The shop features products from around the region (“if it’s local, good, and made by a nice person, we’ll buy it!” Bouron explains) including artisanal oils, honey, and dried goods as well as an extensive selection of natural wine and craft beer—which you can get a pint of for the price of a demi (half pint) during happy hour every evening from 5:00 to 7:00pm.
Volupia is a hangout for local winemakers including Anne Paillet (Autour de l’Ane), Grégory Leclerc (Chahut et Prodiges), Moses Gadouche (Les Capriades), and Coralie Delecheneau (La Grange Tiphaine), to name a few.
A natural wine institution since it was opened by Cécile Argondico, chef and wife of winemaker Thierry Puzelat, L’Herbe Rouge has recently changed hands and will see a second life under the management of Sophie Haudebourg. Despite the changement de propriétaire, L’Herbe Rouge maintains all the values of any self-respecting natural wine stamping ground: artwork by Michel Tolmer, locally sourced seasonal ingredients, classic bistro fare, and, of course, a large selection of vin nature.
An added bonus of L’Herbe Rouge is that it is equipped with adjoining guest houses that can be rented for the night—a convenient backup plan if you’ve made a few too many trips back and forth from the self-serve wine cellar. If that’s the case, you’re in good company, local winemakers—such as Thierry Puzelat, Hervé Villemade, or Christian Venier—are among many regulars to have stayed the night after closing down L’Herbe Rouge.
The newest arrival to the Loire region restaurant scene is Archimède, which opened in the small town of St. Aignan just in time for the winemakers to celebrate the end of the harvest. Recent transplants from Brussels, French-born Maxime Herbert and Istanbul native Sinem Usta decided to seek out a calmer life in the Loire, where they relocated after selling their respective restaurants in Brussels. Upon arrival in the countryside, the couple put their feet up for a few minutes and then dove back into the restaurant business, to the delight of the locals.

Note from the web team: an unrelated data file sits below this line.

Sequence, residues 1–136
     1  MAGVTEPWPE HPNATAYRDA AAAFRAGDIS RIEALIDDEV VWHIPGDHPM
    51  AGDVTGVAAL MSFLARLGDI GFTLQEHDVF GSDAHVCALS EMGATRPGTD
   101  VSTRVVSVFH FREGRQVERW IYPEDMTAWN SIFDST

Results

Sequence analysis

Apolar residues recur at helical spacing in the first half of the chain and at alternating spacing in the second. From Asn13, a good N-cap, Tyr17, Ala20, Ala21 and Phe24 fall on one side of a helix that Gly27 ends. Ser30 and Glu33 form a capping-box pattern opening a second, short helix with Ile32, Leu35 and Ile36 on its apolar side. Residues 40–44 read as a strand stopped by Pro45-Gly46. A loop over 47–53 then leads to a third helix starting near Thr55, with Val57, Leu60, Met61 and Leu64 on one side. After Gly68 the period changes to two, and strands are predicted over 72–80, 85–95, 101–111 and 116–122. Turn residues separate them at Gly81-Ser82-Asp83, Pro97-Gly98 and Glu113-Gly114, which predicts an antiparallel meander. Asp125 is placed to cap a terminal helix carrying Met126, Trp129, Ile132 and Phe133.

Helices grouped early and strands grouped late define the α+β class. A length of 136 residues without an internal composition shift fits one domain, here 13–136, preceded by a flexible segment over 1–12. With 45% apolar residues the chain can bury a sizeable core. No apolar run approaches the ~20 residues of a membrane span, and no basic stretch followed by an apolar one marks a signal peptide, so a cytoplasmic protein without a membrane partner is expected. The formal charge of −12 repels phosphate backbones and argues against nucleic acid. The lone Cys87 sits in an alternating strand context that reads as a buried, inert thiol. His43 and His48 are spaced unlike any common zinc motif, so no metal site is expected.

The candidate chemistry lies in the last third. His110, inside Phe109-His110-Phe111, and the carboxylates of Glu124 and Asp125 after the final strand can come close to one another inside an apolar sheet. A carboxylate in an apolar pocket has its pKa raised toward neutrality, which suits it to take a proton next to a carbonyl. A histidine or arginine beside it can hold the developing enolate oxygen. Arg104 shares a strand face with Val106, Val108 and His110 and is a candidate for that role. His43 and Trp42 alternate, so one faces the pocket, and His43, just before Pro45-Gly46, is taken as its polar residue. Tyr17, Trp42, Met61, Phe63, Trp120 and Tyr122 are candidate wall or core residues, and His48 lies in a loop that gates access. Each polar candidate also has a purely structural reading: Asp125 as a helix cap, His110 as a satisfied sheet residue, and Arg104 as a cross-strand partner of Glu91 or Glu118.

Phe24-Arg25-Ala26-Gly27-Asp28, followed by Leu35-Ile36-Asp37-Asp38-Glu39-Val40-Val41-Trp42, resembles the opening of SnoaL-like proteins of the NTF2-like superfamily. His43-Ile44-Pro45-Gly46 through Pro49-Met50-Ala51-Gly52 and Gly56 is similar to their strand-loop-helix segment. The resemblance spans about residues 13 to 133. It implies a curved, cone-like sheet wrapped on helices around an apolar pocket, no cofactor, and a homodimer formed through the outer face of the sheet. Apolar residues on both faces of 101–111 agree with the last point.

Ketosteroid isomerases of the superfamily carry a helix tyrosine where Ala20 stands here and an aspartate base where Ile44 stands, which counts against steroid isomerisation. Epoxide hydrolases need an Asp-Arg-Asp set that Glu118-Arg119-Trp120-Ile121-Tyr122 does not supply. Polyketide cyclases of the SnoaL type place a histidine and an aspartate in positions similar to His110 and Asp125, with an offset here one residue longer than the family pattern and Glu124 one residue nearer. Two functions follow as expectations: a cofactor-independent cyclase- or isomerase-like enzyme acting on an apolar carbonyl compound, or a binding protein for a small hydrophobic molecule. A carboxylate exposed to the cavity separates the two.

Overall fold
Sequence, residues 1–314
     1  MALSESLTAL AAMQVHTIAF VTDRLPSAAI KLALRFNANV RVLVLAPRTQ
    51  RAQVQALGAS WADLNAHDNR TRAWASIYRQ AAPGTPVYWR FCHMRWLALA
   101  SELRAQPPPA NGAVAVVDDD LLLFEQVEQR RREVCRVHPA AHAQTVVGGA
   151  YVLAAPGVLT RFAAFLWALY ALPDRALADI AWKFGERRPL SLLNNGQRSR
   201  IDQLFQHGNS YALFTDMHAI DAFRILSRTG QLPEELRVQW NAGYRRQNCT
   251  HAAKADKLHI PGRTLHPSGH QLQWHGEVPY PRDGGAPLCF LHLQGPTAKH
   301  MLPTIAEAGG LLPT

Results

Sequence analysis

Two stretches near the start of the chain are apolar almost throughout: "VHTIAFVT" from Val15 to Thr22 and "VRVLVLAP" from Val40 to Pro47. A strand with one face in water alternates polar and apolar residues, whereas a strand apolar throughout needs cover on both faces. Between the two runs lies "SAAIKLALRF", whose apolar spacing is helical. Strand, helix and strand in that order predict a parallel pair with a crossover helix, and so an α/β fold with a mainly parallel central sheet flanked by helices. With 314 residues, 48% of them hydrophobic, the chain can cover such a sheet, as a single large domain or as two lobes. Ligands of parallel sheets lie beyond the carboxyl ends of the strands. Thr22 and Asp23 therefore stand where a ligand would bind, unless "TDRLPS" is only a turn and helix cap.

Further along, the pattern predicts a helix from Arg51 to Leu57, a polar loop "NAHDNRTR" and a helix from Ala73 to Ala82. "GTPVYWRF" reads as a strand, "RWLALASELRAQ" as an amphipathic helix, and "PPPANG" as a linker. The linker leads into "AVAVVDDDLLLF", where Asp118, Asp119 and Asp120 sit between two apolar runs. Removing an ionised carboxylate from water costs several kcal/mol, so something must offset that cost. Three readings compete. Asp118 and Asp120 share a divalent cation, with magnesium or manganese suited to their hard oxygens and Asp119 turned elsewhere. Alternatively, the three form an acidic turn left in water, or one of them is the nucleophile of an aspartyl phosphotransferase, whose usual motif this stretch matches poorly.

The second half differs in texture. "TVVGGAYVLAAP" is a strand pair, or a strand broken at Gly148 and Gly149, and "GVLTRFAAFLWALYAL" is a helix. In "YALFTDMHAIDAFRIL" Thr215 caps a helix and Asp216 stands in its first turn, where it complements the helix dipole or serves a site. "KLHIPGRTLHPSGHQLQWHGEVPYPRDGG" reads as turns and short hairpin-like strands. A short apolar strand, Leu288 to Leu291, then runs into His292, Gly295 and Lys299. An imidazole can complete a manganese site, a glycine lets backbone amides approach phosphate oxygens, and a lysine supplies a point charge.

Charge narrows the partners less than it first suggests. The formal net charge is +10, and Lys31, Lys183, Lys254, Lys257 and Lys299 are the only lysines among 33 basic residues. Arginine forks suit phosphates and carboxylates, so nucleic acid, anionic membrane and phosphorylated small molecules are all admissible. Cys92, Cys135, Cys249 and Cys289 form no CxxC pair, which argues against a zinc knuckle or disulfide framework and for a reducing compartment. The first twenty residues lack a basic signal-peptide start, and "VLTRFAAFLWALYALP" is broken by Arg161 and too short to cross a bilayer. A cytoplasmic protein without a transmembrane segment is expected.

Archimède is a showcase for Usta’s ease with preparing fresh ingredients, heavily influenced by the Turkish cuisine of her childhood and her professional experience at one of Brussels’ best Italian restaurants, Caffe al Dente. Herbert is at home behind the bar, serving his favorite natural wines and quickly sizing up which ones to pour for each customer. The menu consists of three starters, mains, and desserts, and changes in relation to what is available at the market.
In just the few months since opening, the restaurant has already become a headquarters for local winemakers. Noëlla Morantin, Pascal Potaire (Les Capriades), and Julien Pineau, often stop by for the homemade terrine or pâté paired with a pétillant natural and end up staying for dinner, a luxury Loire residents are slowly getting used to.
Emily Dilling is a freelance journalist and based in the Loire Valley.